David Bourget (Western Ontario)
David Chalmers (ANU, NYU)
Rafael De Clercq
Ezio Di Nucci
Jack Alan Reynolds
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Synthese 90 (3):379 - 436 (1992)
The problematic features of Quine's set theories NF and ML are a result of his replacing the higher-order predicate logic of type theory by a first-order logic of membership, and can be resolved by returning to a second-order logic of predication with nominalized predicates as abstract singular terms. We adopt a modified Fregean position called conceptual realism in which the concepts (unsaturated cognitive structures) that predicates stand for are distinguished from the extensions (or intensions) that their nominalizations denote as singular terms. We argue against Quine's view that predicate quantifiers can be given a referential interpretation only if the entities predicates stand for on such an interpretation are the same as the classes (assuming extensionality) that nominalized predicates denote as singular terms. Quine's alternative of giving predicate quantifiers only a substitutional interpretation is compared with a constructive version of conceptual realism, which with a logic of nominalized predicates is compared with Quine's description of conceptualism as a ramified theory of classes. We argue against Quine's implicit assumption that conceptualism cannot account for impredicative concept-formation and compare holistic conceptual realism with Quine's class Platonism.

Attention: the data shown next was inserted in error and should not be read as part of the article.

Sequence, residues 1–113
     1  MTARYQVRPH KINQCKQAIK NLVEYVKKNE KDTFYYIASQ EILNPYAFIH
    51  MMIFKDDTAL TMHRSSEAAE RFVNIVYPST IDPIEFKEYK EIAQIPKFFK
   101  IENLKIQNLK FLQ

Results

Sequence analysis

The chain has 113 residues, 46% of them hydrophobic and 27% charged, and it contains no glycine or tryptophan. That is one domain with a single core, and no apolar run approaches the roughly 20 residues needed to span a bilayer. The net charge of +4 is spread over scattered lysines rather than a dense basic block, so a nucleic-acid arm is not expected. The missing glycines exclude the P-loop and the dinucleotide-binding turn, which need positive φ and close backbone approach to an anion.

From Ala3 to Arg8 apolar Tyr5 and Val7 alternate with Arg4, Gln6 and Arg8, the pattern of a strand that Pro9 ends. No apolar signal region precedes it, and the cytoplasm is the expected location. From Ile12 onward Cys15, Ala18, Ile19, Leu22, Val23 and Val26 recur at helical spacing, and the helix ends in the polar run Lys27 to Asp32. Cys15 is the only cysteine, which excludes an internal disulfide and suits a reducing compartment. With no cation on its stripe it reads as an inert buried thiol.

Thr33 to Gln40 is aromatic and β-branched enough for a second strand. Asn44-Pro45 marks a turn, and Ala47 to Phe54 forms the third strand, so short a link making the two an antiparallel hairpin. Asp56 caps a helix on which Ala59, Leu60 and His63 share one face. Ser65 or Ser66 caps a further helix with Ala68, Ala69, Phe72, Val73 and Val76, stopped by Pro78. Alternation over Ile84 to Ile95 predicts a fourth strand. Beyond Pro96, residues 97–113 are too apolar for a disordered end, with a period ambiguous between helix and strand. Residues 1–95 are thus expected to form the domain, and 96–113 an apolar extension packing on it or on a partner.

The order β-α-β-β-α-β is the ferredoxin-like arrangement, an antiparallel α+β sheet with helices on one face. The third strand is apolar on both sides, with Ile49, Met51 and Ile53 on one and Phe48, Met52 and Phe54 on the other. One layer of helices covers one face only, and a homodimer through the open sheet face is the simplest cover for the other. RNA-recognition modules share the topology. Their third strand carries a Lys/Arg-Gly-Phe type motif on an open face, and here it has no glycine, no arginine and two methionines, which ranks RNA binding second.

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References found in this work BETA
Karl R. Popper & John C. Eccles (1977). The Self and Its Brain: An Argument for Interactionism. Springer.
W. V. Quine (1986). Philosophy of Logic. Harvard University Press.
W. V. Quine (1953/1980). From a Logical Point of View. Harvard University Press.
Gottlob Frege (1991). Posthumous Writings. Wiley-Blackwell.
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